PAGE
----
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The Rosetta spacecraft will land on a comet

Homework for next class

Rosetta's mission: land on the surface of comet 67P/Churyumov-Gerasimenko

The European Space Agency built the Rosetta spacecraft (with a little help from JPL ) and sent it on a long journey. Its primary goal is to reach comet 67P/Churyumov-Gerasimenko and place a lander on the surface.

The comet has an orbit in which it spends most of its time far from the Sun, between the orbits of Mars and Jupiter.

Rosetta was launched in March, 2004. The plan was for the spacecraft to reach the comet in 2014.

But one year after it was launched, in March, 2005, Rosetta was right back where it started --- zipping past the Earth just a few thousand kilometers above the the Pacific Ocean off Chile.

Photo: ESA

Photo: ESA

So what was the spacecraft doing near the Earth?

Using gravity assists to bounce around the solar system

The problem is that it takes a powerful rocket to reach the outer solar system directly -- and such powerful rockets are expensive. Let's do a quick and dirty calculation of the energies involved.

   Gravitational Potential Energy (GPE) of a spacecraft of
       mass m which is a distance r from a 
       planet of mass M

                          G M m 
            GPE   =   -  -------

   Increase in GPE if the spacecraft moves from r1 to
   a larger distance r2

                                   (  1       1  )
        incr in GPE  =    G M m  * ( ---  -  --- )
                                   (  r1      r2 )

Consider these three situations, and figure out how much energy you must give a spacecraft to change its position in each case:

   The Rosetta spacecraft has a mass of about   m  =  6500       kg
   The gravitational constant is roughly        G  =  6.67E-11   N*m^2/kg^2
   The mass of the Earth is                     Me =  5.98E24    kg
   The mass of the Sun is                       Ms =  1.99E30    kg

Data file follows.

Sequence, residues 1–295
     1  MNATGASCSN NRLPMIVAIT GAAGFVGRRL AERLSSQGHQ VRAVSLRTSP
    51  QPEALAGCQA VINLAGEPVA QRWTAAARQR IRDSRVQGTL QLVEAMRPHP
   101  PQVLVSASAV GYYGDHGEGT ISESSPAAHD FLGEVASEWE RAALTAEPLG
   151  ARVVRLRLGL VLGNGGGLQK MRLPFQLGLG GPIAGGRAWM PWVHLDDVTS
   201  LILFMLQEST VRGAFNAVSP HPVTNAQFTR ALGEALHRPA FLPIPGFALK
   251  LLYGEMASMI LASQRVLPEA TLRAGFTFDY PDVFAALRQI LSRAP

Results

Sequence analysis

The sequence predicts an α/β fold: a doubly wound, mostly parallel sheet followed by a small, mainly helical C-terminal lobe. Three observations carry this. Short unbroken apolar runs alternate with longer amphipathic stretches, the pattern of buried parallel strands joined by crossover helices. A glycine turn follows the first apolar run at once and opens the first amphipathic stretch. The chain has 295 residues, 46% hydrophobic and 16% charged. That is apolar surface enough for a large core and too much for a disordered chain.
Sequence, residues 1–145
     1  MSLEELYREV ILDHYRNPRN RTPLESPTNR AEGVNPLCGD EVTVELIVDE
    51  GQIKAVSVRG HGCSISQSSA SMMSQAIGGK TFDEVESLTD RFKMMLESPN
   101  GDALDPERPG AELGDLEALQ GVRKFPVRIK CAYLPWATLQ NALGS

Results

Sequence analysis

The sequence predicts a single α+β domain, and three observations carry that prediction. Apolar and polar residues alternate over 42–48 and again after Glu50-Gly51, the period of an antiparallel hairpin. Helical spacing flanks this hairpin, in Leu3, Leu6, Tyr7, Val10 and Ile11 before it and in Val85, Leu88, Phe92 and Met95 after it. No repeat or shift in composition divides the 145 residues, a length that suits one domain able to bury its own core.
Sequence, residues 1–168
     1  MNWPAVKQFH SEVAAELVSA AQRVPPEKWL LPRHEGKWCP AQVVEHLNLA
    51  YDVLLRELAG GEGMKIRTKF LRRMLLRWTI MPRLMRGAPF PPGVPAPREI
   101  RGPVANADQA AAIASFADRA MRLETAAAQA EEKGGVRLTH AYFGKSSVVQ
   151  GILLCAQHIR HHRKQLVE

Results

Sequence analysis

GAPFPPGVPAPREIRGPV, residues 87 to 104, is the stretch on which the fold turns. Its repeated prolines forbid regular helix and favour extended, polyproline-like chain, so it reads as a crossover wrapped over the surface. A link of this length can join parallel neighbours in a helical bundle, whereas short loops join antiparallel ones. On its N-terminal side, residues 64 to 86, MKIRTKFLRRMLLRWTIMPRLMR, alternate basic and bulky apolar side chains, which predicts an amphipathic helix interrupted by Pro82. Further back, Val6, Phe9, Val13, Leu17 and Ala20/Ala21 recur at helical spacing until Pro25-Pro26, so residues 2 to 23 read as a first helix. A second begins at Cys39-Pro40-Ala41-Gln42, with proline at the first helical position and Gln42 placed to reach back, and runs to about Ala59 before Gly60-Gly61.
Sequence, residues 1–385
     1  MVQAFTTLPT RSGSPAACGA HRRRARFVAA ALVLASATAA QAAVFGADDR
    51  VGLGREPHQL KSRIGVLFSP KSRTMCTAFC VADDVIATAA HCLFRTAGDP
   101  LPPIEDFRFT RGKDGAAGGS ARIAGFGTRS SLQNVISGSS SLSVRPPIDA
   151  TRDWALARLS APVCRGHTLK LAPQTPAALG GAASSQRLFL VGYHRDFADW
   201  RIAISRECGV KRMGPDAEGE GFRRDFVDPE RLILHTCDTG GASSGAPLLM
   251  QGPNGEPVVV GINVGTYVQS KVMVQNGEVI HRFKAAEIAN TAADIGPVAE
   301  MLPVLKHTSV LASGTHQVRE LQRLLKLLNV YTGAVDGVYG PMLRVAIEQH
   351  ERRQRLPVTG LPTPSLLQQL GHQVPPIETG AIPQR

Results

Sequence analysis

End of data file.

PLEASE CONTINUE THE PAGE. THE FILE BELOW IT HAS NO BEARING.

1.  Rosetta is launched from the ground to an altitude
       of 1 Earth radius (Re = 6.37E6 km).  

   2.  Rosetta increases its distance from the Earth's surface
       from 1 Earth radius to 60 Earth radii (the Moon's distance
       from the Earth).

   3.  Rosetta moves outwards away from the Sun, from roughly
       1 AU (the Earth's distance from the Sun, 1 AU = 1.5E11 m)
       to a distance of 3.5 AU, where it will meet the comet.

You can see that the amount of energy needed to reach the outer portions of the Solar System is enormous, much larger than that needed just to reach Low Earth Orbit, or even to reach the Moon.

If one has patience, however, one can use a much less expensive rocket and a series of gravity assists to reach the desired location; it just takes time.

This Flash animation shows the trajectory of the spacecraft and its gravity assists from the Earth:

Count the flyby events:

  1. encounter with Earth (March 2005)
  2. encounter with Mars (February 2007)
  3. second encounter with Earth (November 2007)
  4. third encounter with Earth (November 2009)

Each of the encounters with Earth increases the spacecraft's orbital energy and size; the encounter with Mars, on the other hand, decreases the orbital energy just enough to cause the subsequent approaches to Earth.